Each added flash head splits total power between flash heads. What is nice about Elinchrome flash units, they have 0.1 f-stop power adjustment which is more useful than most realize until this feature is applied to lighting needs. Their flash heads and tubes have mostly uniform color temperature over it's flash power range which is important for color work.

    A good calibrated flash meter is mandatory to control and achieve consistent exposure on film.


    Bernice

  7. #7

    Join Date
    Jan 2019
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    119

    Re: Elinchrom Ranger rX Experience ? Tell me Please.

    I own one of the regular Rangers from before the Rx. I've had it for around 20 years I think. It is a nice powerful little unit. If you can get a new one, so much the better. If you are going to attach modifiers on the head, the Elinchrom heads can be a bit fickle if it is a rotating ring for example. Also I wouldn't put any heavy attachments on it, but those eat light anyway so why would you? There are better ways to get soft fill if you are out in the sun than a strobe. A lot of those require more gear and/or a person to deal with it though.

    ProFoto systems are probably easier to deal with these days since so many use them, and they are easily rentable. I don't know about the Chinese stuff since i don't keep track of those things anymore.


    Whatever system you get, make sure you pick up a hook for your light stand and hang the battery on that. Doubles as a sand bag...

  8. #8

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    Re: Elinchrom Ranger rX Experience ? Tell me Please.

    It is difficult to "overpower" the highlights from the sun with artifical lighting, as the sun is so bright... The best you can do is to bring the shadow values up to a range that fills the "holes"... As mentioned, distance and modifiers eat the output...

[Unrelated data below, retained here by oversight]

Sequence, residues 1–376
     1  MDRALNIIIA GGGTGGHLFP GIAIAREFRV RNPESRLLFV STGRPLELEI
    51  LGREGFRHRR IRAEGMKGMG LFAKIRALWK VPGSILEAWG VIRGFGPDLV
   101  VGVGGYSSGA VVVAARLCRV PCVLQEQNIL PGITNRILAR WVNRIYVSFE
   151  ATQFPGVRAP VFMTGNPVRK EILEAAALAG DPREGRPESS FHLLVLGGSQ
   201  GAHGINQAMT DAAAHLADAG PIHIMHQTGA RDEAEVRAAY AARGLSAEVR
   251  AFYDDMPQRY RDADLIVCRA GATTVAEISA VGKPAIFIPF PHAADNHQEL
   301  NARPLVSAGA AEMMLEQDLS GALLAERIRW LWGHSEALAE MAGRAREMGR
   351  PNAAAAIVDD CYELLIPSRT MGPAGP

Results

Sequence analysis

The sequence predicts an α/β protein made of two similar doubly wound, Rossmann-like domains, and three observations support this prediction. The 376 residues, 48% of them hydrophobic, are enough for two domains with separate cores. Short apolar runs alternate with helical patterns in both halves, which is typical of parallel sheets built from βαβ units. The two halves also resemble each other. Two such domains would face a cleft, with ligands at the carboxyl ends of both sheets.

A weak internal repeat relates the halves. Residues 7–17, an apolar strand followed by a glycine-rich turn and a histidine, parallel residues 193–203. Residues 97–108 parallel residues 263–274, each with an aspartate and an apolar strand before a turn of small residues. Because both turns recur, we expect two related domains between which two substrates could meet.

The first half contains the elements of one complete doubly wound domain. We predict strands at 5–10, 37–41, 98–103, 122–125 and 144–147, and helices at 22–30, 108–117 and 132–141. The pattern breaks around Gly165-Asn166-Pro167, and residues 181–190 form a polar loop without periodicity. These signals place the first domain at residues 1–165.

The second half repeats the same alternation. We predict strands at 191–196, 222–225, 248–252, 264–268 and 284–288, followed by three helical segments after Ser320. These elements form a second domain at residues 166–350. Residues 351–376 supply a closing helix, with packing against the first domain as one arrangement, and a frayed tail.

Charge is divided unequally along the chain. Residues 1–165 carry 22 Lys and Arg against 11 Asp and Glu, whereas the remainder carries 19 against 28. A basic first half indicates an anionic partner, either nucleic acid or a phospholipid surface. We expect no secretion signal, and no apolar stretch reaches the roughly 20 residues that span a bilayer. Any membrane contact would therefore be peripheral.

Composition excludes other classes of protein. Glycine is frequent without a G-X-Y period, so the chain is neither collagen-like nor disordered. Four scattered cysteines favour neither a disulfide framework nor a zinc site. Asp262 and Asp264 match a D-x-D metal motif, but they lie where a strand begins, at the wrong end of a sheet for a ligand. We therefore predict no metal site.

We used to use 600w/s up close with a correction filter over an open reflector, with tungsten film (in daylight) to shoot album cover artist stuff and let the sun lit background turn blue for a special effect, but the strobe head was very close to the subject...

    Explain what you are trying to achieve, so we can help more...

    If you are just trying to fill shadows, large fill cards with foil coverings can work with no strobe power needed!!!

    Steve K

  9. #9

    Re: Elinchrom Ranger rX Experience ? Tell me Please.

    I was saying the added weight over a 1200 ELB is about 11 lbs. I know I will need a wheeled cart to do location work . I will use this for portraits where there is no electric and where the sun is variable. I have been using smaller flash but f/5.6 is not good enough. I have a bunch of Elinchrom studio flash already I do not want a heavy mono light on the top of a light stand because that can blow over I will likely use the power pack to weigh down the light stand . If using a big soft box thats important. I like the idea of the one third two third split. then I get my highlight and shadow even quickly. Working in the field needs some swift thinking because weather can change and the effort of going out and then coming back means the time doing the shoot is limited. Of course not Noon day sun!!! My vehicle is a GMC Suburban 4 WD plenty of field access and room for "stuff" and people. You comments have been helpful. I ordered a new one at half price discount today.